Fury or Furious?
The Incredible Hulk is a lot of things. It’s part action, part adventure, part exploration… Individually, these features work well. The mechanics are fairly refined and are generally suited for the Hulk universe.
But as three parts of an entire game, they don’t always add up to a seamless and entertaining experience. Though it’s fun to bash enemies, it is not fun to die prematurely when a microscopic bullet hits Hulk in the leg. His life meter isn’t very large, and health replenishing items don’t appear too frequently. To make matters worse, there are no checkpoints in this game. You could make it all the way to the end of a stage and have to start over just because of one lame death.
And though the game isn’t very difficult, lame deaths are a recurring phenomenon. In addition to the near-invisible size of enemy gunfire, some enemies shoot continuously. This wouldn’t be an issue if you were playing Contra or Metal Slug. But as Hulk, a man – no, a beast – without any weapons, you have to get up close to attack. If an enemy is firing continuously, the odds of reaching him without getting hit once are not good.
If you can stomach these tiny droppings, there is one more thing to consider: The Incredible Hulk is incredibly short. Most stages can be finished in a couple of minutes – a goal you may not reach thanks to the array of bullet specks, but have the potential to do so nonetheless. Even so, judging by the film’s length, you’ll probably be able to finish this game faster than you can watch the movie.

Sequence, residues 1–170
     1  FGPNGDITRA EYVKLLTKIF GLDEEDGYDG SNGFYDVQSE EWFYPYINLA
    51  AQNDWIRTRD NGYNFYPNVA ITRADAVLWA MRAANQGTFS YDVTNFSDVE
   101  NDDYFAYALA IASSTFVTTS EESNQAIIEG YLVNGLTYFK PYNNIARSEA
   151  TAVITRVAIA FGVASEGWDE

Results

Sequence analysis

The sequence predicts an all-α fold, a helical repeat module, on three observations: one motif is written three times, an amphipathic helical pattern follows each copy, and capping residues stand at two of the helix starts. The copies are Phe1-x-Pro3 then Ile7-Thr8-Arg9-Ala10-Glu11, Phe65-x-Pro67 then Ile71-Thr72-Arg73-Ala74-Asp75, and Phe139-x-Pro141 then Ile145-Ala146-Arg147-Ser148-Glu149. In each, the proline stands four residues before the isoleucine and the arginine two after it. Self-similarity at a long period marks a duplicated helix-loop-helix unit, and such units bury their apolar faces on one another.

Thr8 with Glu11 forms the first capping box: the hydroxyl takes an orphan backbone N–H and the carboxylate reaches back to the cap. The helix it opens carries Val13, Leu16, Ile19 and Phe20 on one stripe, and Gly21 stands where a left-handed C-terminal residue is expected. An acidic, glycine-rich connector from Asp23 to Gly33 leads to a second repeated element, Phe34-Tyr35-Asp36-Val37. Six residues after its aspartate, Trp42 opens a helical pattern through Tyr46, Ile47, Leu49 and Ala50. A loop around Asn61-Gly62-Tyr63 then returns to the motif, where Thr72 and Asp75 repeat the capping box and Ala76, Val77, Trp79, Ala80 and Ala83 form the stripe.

That brings us to the final point of consideration. At 30 bucks, you’re essentially paying one dollar for every stage in the game. At a few minutes per stage, that isn’t too different from what you would have spent if you were in an arcade. Of course, it isn’t an arcade game, it’s a major licensed game packaged for a Nintendo handheld. All you have to do is decide if the arcade pricing is worth it.
Review Scoring Details for The Incredible Hulk
An amalgamation of pre-existing gameplay types, both of quality and inferiority. Enemy-bashing is great fun – rarely does a DS game give you this level of character strength. However, premature deaths, boring exploration phases and a ridiculously (though not unexpected) short length make this game a costly investment.
Polygons are only as pretty as the characters they’re applied to. Hulk’s characters are small, lack detail, and their gunfire is nearly invisible to eyes that are distracted by the rest of the level (skyscrapers, tanks, other enemies, etc.).
Not at all memorable. Repetitive music, cheesy sound effects, the sound of me pounding my head against the wall – all familiar stuff. The brief voice-overs aren’t bad but were not made specifically for this version of the game.
Frustration and cheap deaths are not the same as a challenge.
The Incredible Hulk’s execution is far from perfect, but its ideas were profoundly inspired by the games that shaped the side-scroller action genre.
There isn’t much a Hulk game can do in the area of multiplayer combat. Thus, it didn’t do much. Two game cards are required for this one-on-one battle of Hulks.
Fun and frustrating while it lasts. Rent it if you can, and definitely play it before buying.